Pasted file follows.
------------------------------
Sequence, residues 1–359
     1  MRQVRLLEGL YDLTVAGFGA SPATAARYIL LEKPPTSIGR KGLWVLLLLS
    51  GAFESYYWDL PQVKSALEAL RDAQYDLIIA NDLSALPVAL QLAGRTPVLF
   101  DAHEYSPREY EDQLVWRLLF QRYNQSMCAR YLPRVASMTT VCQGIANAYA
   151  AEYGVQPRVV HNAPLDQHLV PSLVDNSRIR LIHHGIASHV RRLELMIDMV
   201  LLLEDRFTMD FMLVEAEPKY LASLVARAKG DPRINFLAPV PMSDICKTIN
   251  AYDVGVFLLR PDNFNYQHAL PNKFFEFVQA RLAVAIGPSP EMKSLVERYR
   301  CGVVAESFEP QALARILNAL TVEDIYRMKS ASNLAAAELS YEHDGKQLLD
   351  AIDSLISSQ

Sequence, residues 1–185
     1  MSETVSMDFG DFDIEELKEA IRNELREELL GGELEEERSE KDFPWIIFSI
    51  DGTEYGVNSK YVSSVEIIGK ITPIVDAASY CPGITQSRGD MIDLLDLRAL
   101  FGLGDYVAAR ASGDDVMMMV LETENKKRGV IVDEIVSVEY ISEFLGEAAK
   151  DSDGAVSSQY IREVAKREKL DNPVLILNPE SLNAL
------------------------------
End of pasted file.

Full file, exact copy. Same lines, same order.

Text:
Sequence, residues 1–359
     1  MRQVRLLEGL YDLTVAGFGA SPATAARYIL LEKPPTSIGR KGLWVLLLLS
    51  GAFESYYWDL PQVKSALEAL RDAQYDLIIA NDLSALPVAL QLAGRTPVLF
   101  DAHEYSPREY EDQLVWRLLF QRYNQSMCAR YLPRVASMTT VCQGIANAYA
   151  AEYGVQPRVV HNAPLDQHLV PSLVDNSRIR LIHHGIASHV RRLELMIDMV
   201  LLLEDRFTMD FMLVEAEPKY LASLVARAKG DPRINFLAPV PMSDICKTIN
   251  AYDVGVFLLR PDNFNYQHAL PNKFFEFVQA RLAVAIGPSP EMKSLVERYR
   301  CGVVAESFEP QALARILNAL TVEDIYRMKS ASNLAAAELS YEHDGKQLLD
   351  AIDSLISSQ

Sequence, residues 1–185
     1  MSETVSMDFG DFDIEELKEA IRNELREELL GGELEEERSE KDFPWIIFSI
    51  DGTEYGVNSK YVSSVEIIGK ITPIVDAASY CPGITQSRGD MIDLLDLRAL
   101  FGLGDYVAAR ASGDDVMMMV LETENKKRGV IVDEIVSVEY ISEFLGEAAK
   151  DSDGAVSSQY IREVAKREKL DNPVLILNPE SLNAL